This is the story behind our own DevOps tooling application Kólga. How to utilize Kólga for building microservice application and a hands on experience can be found in our Medium channel; Speeding up the software delivery using Kólga.
Last year, our DevOps team and I at Anders started working on tooling to make software delivery easier for all of our projects. Several things prompted this change: wanting to use Docker in production and development, faster deployments, and moving to a more self-service-oriented workflow.
To achieve this, we would need to revamp the way we did deployments.
While using virtual servers and Docker is doable and in use all over, we wanted& to have something that would also let us scale while still allowing for effortless zero downtime upgrades without building the entire thing from scratch.
For this reason, we chose Kubernetes as our primary application platform. Using a container orchestrator such as Kubernetes gives us many things for free and still lets us use some of the same tools we are used to, such as Nginx through the Nginx Ingress Controller.
As Docker already was in heavy use in development, we could keep that and just make our images ready for production. As we were reworking most of our infrastructure anyway, we also chose to move away from Ansible and Puppet tools.
We decided to focus on more “cloud-native” infrastructure as code (IaC) tools such as Terraform instead. One thing that Docker and Kubernetes did not do, however, gave us an actual flow of deploying new software versions effortlessly. While Terraform does, to some extent, give you the possibility to deploy software on Kubernetes through its various providers, it was not without its pitfalls.
Making manual changes to Kubernetes manifests when it came to deployments was also quite cumbersome and something we abandoned right from the start. We chose Helm as our go-to templating tool for Kubernetes manifests instead.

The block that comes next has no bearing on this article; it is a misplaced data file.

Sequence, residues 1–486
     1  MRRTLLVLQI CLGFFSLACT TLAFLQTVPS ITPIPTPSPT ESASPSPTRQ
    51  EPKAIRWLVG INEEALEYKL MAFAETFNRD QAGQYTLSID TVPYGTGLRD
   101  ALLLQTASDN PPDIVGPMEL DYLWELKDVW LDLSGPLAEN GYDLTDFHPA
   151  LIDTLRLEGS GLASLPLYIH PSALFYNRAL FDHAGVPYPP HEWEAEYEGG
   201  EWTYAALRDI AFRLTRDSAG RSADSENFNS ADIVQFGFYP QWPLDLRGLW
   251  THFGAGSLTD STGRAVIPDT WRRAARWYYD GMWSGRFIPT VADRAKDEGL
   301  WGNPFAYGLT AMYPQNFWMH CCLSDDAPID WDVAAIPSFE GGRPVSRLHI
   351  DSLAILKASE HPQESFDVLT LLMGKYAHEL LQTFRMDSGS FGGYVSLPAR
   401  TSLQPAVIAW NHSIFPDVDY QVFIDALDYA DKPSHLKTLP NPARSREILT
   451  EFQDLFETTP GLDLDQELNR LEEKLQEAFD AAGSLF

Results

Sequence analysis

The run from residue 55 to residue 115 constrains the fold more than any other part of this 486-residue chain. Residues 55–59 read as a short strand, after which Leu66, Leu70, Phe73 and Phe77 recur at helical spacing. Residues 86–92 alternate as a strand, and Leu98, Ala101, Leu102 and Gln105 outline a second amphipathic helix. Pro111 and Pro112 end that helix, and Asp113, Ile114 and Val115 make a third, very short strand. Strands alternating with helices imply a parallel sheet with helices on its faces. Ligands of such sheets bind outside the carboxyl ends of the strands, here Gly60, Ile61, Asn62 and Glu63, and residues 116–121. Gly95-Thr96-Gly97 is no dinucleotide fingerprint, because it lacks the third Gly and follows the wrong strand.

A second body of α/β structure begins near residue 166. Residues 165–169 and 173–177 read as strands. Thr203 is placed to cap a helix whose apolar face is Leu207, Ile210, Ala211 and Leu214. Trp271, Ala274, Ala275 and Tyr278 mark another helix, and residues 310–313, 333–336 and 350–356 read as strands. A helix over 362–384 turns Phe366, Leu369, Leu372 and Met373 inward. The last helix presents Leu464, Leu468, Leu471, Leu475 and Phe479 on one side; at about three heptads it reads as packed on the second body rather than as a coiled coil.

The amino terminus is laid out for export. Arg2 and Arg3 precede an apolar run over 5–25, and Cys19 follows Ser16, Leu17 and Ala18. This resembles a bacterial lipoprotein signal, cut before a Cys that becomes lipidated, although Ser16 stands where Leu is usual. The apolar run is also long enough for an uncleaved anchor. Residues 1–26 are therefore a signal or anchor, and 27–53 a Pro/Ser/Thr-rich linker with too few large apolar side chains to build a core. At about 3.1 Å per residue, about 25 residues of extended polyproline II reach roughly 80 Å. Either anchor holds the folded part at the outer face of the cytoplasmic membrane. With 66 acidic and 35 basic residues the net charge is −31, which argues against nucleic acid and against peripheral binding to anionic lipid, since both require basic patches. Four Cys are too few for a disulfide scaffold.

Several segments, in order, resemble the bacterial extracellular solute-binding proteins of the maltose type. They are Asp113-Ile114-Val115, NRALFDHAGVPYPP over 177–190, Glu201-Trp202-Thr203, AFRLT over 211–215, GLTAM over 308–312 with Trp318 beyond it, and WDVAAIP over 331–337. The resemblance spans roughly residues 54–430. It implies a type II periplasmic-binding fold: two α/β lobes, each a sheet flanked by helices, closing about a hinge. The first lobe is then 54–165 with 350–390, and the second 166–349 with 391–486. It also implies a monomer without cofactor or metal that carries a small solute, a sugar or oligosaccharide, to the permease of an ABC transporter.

While giving us the flexibility to use variables, create the manifests more programmatically and handle deployments and upgrade, there were still things that Helm did not do. Mainly start the deployment automatically when changes were made to the code base.
This is where we started working on our own tooling, Kólga.
What Kólga does is leverage an underlying CI/CD platform, such as GitLab CI/CD or GitHub Actions, and take care of the building, testing, and deploying your application.
We chose to be as agnostic as possible when it came to the platform and built it to use more than one underlying platform for the pipelines.
GitLab was our first supported platform, and we are now happy to say that we also fully support GitHub Actions. So how does it work, and how can you get going with deploying applications faster?
The full source-code for this blog post can be found at: https://github.com/andersinno/microservice_kubernetes_webinar.
We launched our own Medium channel, where we will post tech stuff and DevOps tips & tricks. To learn more about speeding up the software deliveries and the technical usage of Kólga, check out our blog post in Anders’ Medium channel.
If you want to learn more about DevOps and Kólga, don’t hesitate to contact me!